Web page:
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Analysts


If investors have learned anything from this crisis, it's that Wall Street's analysts are often loath to put a bad spin on a stock. Historically, "sell" ratings have constituted fewer than 1% of analysts' recommendations, according to Thomson Financial/First Call. It's not that analysts have had "an ethical bypass at birth," as was said of Gordon Gekko in the movie Wall Street. It's more a case of an inherently conflicted system, that is now the focus of a Justice Department investigation.

Analysts are often rewarded for their ability to attract and maintain investment banking business. They're often under pressure from the companies they cover, big institutional investors, and their own employers to maintain positive ratings. These are conflicts that may never be resolved. But there are some steps that could alleviate the pressures that prevent analysts from telling the truth.

First, education is paramount. "Investors need to realize that the free research they're getting is often just a marketing tool," says Kent Womack, a professor at Dartmouth College's Amos Tuck School of Business. Better disclosure also could help. It should be mandatory that reports prominently disclose a firm's specific investment banking relationship with the company it's covering.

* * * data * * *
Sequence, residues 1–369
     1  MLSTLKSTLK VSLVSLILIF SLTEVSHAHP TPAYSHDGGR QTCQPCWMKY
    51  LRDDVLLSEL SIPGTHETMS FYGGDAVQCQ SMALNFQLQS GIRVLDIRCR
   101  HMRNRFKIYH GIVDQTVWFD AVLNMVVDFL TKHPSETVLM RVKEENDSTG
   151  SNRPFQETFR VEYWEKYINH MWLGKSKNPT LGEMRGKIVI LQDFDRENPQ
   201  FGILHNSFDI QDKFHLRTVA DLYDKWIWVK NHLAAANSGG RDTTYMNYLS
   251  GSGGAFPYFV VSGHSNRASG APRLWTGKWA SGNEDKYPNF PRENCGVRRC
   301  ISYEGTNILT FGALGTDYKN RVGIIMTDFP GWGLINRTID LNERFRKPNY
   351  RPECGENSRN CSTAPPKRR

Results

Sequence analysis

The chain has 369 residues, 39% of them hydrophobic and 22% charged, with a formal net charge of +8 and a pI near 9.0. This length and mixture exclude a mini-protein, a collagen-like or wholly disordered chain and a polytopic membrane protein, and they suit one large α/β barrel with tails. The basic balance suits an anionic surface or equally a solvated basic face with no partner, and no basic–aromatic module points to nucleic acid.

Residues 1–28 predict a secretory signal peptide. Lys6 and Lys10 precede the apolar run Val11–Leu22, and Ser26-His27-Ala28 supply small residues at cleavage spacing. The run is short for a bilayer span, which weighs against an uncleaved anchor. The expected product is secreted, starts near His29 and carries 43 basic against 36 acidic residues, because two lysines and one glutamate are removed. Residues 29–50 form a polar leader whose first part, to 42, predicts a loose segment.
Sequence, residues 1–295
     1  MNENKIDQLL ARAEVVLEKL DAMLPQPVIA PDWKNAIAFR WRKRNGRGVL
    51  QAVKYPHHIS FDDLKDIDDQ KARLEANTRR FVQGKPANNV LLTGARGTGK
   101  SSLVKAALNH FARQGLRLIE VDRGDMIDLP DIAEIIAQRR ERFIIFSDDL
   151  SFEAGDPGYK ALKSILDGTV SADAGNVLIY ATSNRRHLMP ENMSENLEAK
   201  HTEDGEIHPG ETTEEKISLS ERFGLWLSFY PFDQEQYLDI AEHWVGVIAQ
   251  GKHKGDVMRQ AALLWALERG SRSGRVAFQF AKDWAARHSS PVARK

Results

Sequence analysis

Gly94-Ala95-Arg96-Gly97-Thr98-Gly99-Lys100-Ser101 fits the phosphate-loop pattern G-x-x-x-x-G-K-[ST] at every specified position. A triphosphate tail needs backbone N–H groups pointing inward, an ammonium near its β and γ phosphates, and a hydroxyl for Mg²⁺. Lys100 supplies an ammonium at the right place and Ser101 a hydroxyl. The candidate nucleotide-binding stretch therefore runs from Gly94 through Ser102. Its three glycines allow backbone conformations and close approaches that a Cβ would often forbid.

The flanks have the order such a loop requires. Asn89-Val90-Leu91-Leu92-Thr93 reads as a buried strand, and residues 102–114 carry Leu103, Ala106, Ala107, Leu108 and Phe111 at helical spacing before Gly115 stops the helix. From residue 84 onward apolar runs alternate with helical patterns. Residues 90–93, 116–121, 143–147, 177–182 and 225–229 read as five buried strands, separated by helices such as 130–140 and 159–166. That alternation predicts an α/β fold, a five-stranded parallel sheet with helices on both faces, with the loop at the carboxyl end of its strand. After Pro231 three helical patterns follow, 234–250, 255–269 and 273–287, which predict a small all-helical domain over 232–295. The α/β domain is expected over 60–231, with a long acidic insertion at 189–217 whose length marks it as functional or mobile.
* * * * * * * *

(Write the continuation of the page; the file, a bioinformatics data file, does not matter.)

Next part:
And an overhaul of the language of ratings would be helpful as well. In normal English, most ratings sound like variations on "we think this is a decent stock that you should own." In ratings land, terms such as "accumulate" and "hold" are part of an elaborate web of euphemisms in which "neutral" means "dump this loser, and run for your life." And it would make sense if all analysts used the same terms.

To help restore analysts' integrity, their compensation should not be dependent on investment banking fees earned from the companies they cover. At the least, that conflict should be disclosed. Two prominent securities-industry trade groups have recommended that analysts be paid on stock-picking and earnings-estimate prowess, a practice some firms are adopting. Some groups have already barred analysts from owning stocks that they cover.

The SEC may soon approve some of these changes. Still, even the best regulation can't make analysts completely unbiased. A healthy skepticism and a willingness to look beyond retail analysis when choosing stocks may be the best bet of all. Says James Grant, publisher of Grant's Interest Rate Observer: "These days, the newsstands are thick with publications that are more inclined to search rather than cheer." Otherwise, to quote Gekko, "you're walking around blind without a cane, pal."


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